Aid sent to DR Congo refugees

UN takes water and health supplies to people displaced from camps around Goma.

    Tens of thousands of people are on the move in
    North Kivu after fleeing the fighting [GALLO/GETTY]

    "We want to look at the security situation and gradually introduce our programmes," Sean Raster, a logisitic officials with the British medical charity Merlin, said.

    The aid convoy was given the go ahead after government troops and fighters from the National Congress for the Defence of the People (CNDP) promised to allow it safe passage from Goma.

    Alain Leroy, the head of UN peacekeeping operations, told Al Jazeera that the world body will "do the maximum" to protect civilians in Goma.
      
    "It's our mandate to protect the civilians in Goma. We have already started, we are continuing to reinforce our operation in Goma to protect civilians," he said.
      
    "I cannot say that it's a 100 per cent guarantee, but in any case, we will do the maximum to protect the civilians of Goma."

    Envoy appointed

    Meanwhile, Ban Ki-moon, the UN secretary-general, announced that he was appointing Olusegun Obasanjo, the former president of Nigeria, as his special envoy to help defuse the crisis.

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    Ban also said that he will travel to the region this weekend for talks with Joseph Kabila, the president of the DRC, and Paul Kagame, his Rwandan counterpart.

    The UN efforts come as authorities in the provincial capital declared a curfew in Goma.

    It is said to come into effect from 11pm (2100 GMT)  to 5am (0300 GMT), following a spate of murders, rapes and lootings last week blamed on elements of the  government army.

    "I confirm the establishment of a curfew throughout the city of Goma to better control the morning and night-time movements of the population," said Julien Paluku, governor of the eastern North Kivu  province.

    The region has seen a mass movement of people in recent days as they have tried to find a safe haven from an offensive by the CNDP, led by Laurent Nkunda, a renegade general who says he is fighting to protect the region's ethnic Tutsis.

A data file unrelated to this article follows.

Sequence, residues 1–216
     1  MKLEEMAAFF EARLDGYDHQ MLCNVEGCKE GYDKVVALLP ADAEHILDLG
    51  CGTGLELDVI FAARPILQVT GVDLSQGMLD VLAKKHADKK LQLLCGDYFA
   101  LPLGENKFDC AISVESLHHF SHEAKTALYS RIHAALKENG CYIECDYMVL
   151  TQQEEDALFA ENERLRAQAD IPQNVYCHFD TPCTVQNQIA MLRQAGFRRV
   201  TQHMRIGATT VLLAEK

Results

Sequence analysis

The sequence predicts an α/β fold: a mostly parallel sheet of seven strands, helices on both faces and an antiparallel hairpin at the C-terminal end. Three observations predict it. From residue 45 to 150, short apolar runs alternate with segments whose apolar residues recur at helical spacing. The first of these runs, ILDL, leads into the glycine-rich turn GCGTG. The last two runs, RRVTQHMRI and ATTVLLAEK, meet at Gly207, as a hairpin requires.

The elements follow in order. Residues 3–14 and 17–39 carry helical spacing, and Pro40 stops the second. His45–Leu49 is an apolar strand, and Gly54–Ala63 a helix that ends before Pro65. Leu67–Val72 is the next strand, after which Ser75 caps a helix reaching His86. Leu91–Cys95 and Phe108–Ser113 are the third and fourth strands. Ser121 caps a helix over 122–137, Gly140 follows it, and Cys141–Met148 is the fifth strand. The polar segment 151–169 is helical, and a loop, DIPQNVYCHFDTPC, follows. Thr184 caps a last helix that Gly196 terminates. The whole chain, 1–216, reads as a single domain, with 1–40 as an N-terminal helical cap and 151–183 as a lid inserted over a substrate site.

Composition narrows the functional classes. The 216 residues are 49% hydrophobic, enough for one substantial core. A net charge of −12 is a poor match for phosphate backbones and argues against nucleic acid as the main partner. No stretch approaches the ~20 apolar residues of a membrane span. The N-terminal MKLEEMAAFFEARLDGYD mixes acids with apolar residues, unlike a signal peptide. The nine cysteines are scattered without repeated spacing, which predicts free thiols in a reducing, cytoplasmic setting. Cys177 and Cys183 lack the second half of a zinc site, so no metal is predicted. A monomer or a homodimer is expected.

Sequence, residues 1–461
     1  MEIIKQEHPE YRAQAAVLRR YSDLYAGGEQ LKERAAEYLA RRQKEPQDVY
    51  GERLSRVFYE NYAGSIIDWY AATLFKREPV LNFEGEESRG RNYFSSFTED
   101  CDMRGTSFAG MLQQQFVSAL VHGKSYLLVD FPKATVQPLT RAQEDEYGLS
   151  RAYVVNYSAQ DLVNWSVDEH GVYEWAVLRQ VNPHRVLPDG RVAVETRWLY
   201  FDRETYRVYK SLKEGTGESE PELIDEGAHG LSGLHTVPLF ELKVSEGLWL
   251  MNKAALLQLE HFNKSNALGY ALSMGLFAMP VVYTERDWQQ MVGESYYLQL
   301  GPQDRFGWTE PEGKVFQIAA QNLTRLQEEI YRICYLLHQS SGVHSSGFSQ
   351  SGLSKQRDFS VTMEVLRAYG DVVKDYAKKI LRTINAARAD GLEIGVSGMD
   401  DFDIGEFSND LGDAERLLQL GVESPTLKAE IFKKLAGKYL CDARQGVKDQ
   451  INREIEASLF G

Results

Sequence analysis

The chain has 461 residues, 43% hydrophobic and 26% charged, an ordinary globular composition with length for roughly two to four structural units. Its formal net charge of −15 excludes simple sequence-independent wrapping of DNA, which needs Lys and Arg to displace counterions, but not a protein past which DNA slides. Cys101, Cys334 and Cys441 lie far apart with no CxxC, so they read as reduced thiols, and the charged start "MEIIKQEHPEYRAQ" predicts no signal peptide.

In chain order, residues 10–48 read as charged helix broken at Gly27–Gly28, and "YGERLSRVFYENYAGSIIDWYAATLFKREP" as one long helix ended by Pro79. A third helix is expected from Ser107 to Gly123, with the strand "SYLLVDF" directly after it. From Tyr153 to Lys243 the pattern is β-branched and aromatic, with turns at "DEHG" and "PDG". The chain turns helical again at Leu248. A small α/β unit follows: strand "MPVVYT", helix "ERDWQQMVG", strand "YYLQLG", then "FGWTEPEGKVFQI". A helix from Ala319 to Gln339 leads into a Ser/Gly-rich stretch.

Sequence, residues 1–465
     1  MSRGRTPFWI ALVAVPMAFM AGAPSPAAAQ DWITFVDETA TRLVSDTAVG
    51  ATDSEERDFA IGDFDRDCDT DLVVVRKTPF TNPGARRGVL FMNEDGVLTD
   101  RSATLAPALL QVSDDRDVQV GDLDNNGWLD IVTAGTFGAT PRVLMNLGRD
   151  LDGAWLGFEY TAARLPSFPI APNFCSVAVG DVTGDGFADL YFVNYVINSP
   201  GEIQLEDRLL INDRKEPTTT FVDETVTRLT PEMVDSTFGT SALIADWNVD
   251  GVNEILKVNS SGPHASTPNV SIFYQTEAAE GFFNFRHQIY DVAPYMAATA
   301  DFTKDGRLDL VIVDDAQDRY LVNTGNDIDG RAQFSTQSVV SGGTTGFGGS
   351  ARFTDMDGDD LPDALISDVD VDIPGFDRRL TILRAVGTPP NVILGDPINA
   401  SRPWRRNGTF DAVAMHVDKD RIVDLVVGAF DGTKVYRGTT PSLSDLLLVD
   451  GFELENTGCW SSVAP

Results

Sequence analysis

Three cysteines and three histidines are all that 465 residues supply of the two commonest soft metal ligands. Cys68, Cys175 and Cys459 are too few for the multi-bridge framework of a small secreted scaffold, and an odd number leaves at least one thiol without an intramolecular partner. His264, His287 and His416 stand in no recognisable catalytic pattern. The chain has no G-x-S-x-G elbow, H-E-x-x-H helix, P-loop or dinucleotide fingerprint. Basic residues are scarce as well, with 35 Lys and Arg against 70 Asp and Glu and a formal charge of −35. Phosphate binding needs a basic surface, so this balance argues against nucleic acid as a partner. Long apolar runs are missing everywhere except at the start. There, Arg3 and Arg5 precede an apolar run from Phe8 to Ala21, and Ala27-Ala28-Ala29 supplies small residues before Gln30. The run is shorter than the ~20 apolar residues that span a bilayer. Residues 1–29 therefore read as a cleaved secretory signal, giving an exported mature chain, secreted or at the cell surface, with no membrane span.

According to an CNDP spokesman, the government of the DRC initiated the conflict and has "launched war on its people", by refusing to negotiate with Nkunda's forces.

    "In rejecting the offer of direct dialogue with the CNDP, as recommended by the parliament, the government has just confirmed its militarist  position," Bertrand Bisimwa said.

    But Kinshasa has rejected the accusations.

    Many people who fled their villages due to the fighting in North Kivu province found themselves in makeshift camps around Goma, but these then emptied as the government forces crumbled in the face of the CNDP advance.

    "Most of these people fled the camps in fear and in panic as they heard that troops were advancing on the area," Fernandez said. "There was considerable panic in the area."

    Al Jazeera's Mohammed Adow, reporting from Goma, said that a spokesman for the CNDP said that the rebels did not want to see anyone in the camps.

    "He says that is not where the people are supposed to be. He says they should go back home, tend their livestock and cultivate their land, live their normal lives," Adow said.

    "They are also leaving voluntarily because of desperation and lack of food." 

    Humanitarian corridors

    Nkunda has announced the opening of "humanitarian corridors" through rebel lines, as a ceasefire he declared on Wednesday appeared to be holding.

    The fighting has brought untold miseries
    to the Congolese [AFP]

    The main road linking Goma and Rutshuru, 75km to the north, was again packed with people on Sunday as some of the displaced people tried to return to their villages.

    "We received no food, so we are returning," Paul Bashoboye Bareke, walking with his wife and their eight children, said.

    European and US envoys travelled across the region over the weekend in an attempt to find a diplomatic resolution to the crisis.

    David Miliband, the British foreign minister, and his French counterpart Bernard Kouchner met Jakaya Kikwete, the Tanzanian president and chairman of the African Union, on Sunday following talks with Joseph Kabila, the DR Congo president, and Paul Kagame, the Rwandan leader.

    Kabila and Kagame have agreed to attend a summit in Nairobi, Kenya, next week to discuss the conflict, which Kinshasa accuses Kigali of supporting by aiding Nkunda's forces.

    Rwanda denies any involvement in the fighting, but the Uruguayan military commander who oversees his country's deployment in DR Congo has suggested that Nkunda has Rwandan tanks and artillery.

    SOURCE: Al Jazeera and agencies


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